Private Equity Firms Buying Ortho Practices – What’s That About?

More than 1 million joint replacements are performed each year, according to data from the Centers for Disease Control and Prevention's National Center for Health Statistics. Private Equity Firms are focusing on orthopedic surgery as federal regulators and insurers move more of these treatments away from hospitals. It's an excellent and exciting time to be involved in ambulatory surgery centers that focus on knee and hip arthroplasty.

As the incumbent director of Business Development at St George Surgical Center, a southern Utah ASC in St George, Utah, (part time, 2 days/week) I have a front row seat to watch this big wave happen before my eyes.  We’re so proud to have invested in the Hana® Table to perform anterior approach hip replacements and three weeks ago, our new NAVIO◊ Robotic-assist for knee replacements was delivered and first surgery completed on October 18th. 

While we’re not, to my knowledge, seeking any private equity attention at SGSC, the surge in private equity deals in orthopedics can’t hurt us. It can really help us in some ways that couldn’t happen without the PE guys’ involvement. For instance, it can create greater leverage and competitive advantage for ASCs that have to face off with bully hospitals that wanted to have all the insurers kowtow to them and limit commercial payers to only feed us the scraps of surgery cases that the hospital didn’t want. Now, the hospital is facing its rewards (market retribution) as CMS metes out the penalties for greed.  

For decades, I’ve worked as a consultant to private equity firms helping out with analysis and due diligence work.  With 35+ years of experience, I see many angles from many perspectives. There are critics and pundits. There are fiascos and successes out there. Orthopaedics is a potential lucrative area for private equity as the number of joint replacements is expected to increase, technology for precision consistency increases, and our population of older Americans continues to explode. This cohort will require fixes for their worn out joints — and the prices are coming down.  At SGSC, the NAVIO◊ robotic-assisted knee replacement can be had for as low as $14,990 if a payer agrees to pay cash in full on the day of service and unequivocally assures payment in conjunction with pre-authorization.  Under the same terms and conditions an Anterior Approach Hip Replacement using the Hana Table (an $80,000 investment) will cost them $17,985, all in (surgeon, anesthesia, facility, implant and first overnight stay, if necessary).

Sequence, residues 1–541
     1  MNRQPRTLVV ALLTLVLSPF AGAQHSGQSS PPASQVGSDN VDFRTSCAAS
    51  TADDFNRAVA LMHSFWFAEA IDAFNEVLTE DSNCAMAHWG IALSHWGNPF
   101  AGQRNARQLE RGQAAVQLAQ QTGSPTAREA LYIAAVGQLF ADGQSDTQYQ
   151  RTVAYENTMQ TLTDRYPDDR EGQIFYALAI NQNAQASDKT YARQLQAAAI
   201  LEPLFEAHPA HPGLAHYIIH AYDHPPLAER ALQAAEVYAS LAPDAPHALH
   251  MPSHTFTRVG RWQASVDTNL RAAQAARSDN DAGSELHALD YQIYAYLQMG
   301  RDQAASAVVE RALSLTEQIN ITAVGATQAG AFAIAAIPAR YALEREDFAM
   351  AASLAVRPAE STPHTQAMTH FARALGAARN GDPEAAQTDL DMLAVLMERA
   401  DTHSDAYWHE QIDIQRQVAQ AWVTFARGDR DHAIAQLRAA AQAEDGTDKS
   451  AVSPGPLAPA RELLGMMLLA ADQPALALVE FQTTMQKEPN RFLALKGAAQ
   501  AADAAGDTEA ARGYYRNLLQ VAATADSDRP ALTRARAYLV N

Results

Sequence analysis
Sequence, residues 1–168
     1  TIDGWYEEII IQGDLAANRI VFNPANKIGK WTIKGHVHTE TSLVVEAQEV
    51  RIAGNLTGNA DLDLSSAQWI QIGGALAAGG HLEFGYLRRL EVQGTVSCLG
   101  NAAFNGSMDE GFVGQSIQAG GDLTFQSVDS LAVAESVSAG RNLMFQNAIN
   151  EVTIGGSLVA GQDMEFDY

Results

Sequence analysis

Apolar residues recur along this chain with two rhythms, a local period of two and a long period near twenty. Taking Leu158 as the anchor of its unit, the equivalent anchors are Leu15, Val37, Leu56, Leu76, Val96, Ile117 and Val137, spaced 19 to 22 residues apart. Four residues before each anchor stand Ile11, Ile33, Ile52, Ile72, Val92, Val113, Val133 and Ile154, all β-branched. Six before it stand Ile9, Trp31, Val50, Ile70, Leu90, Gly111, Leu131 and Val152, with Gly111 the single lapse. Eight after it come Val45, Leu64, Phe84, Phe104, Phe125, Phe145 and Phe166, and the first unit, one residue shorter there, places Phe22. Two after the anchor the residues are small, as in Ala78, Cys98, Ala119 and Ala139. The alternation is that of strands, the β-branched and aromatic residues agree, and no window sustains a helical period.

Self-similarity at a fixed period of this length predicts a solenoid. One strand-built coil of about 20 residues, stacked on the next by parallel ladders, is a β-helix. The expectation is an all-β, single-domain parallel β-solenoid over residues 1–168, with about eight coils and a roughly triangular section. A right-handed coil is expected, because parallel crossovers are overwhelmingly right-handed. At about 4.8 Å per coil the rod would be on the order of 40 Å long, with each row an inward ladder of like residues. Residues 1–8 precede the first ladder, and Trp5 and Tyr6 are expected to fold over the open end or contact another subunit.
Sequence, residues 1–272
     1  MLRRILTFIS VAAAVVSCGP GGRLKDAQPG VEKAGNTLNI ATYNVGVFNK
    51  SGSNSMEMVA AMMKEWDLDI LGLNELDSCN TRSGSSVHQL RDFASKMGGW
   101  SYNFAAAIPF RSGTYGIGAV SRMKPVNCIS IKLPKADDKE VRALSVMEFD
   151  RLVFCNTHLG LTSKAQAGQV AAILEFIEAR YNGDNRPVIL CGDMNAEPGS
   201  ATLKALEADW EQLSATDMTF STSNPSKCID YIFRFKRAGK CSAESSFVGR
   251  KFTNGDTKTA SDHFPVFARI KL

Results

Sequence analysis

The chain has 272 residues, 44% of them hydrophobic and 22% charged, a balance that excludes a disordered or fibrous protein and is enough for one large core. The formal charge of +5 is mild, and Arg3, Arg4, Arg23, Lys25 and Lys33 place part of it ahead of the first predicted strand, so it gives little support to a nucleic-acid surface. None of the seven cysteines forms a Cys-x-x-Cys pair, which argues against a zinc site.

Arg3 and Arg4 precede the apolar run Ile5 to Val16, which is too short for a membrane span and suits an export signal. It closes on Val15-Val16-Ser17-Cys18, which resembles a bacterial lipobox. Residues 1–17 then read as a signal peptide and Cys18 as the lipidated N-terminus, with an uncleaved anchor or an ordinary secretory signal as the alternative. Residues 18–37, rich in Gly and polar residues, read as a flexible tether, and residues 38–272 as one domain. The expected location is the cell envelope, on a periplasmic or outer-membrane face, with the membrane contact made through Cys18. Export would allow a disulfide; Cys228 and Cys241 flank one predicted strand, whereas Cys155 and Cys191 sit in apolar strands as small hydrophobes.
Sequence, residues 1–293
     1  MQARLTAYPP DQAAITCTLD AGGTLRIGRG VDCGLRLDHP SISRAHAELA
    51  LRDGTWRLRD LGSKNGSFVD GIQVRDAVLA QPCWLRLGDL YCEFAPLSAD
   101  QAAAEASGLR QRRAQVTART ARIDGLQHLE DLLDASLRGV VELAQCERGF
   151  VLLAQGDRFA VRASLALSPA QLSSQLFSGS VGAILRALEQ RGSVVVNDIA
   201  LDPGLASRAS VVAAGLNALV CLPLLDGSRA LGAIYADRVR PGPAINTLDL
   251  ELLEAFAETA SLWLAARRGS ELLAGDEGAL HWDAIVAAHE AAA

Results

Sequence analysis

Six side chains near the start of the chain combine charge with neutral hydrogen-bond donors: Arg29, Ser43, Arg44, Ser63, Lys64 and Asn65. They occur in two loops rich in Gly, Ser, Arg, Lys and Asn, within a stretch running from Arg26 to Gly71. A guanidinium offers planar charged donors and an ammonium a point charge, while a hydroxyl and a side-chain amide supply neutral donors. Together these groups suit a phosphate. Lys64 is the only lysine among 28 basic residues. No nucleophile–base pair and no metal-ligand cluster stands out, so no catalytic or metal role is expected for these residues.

The hospital cannot compete without losing lots of money, while at those prices, we maintain very healthy margins.  They are extremely displeased that we’ve been nipping at their heels by doing these cases for other than Medicare payors, and now those very payors are no longer planning to authorize hospital outpatient departments to perform these cases. In January, CMS joins the parade away from hospitals.

“Hospitals: There’s a new and improved model of 800-lb gorilla at the zoo. And it’s gonna steal your lunch money, tie your underwear on your head to blindfold you, and make you walk home backwards.”

The message is clear.

Hospitals: There’s a new and improved model of 800-lb gorilla at the zoo...and it’s gonna steal your lunch money, tie your underwear on your head to blindfold you, and make you walk home backwards. Your day of reckoning has arrived. 

ASCs will soon be reinforced by private equity investments and hospitals may need to rethink all those orthopedic practices they purchased and surgeons they’ve hired.  To combat the competition, the hospital’s pitch will be simple: Let’s build an ambulatory surgical center together and partner so we both win.  I am betting that many will try this but it doesn’t get built overnight and for every day they aren’t selling surgeries, the marketplace is learning that the ASCs in existence and ready to work right now will become the new A-list.  I don’t see this as a threat, actually. I see it as a boon to competition and for patients and payers, an opportunity to pay less.

Am I concerned about the mega acquisitions by United and Optum? Not really.  All boats in the harbor will rise.  ASCs in certain markets that are not SCA/Optum won’t have keep aiming to hit Goliath Health Systems with a rock. 

Care to talk with me about SGSC or how you can improve your readiness to compete through cash pay pricing, direct with employer contracting and domestic health tourism?

Call me at (800) 727 4160, today.



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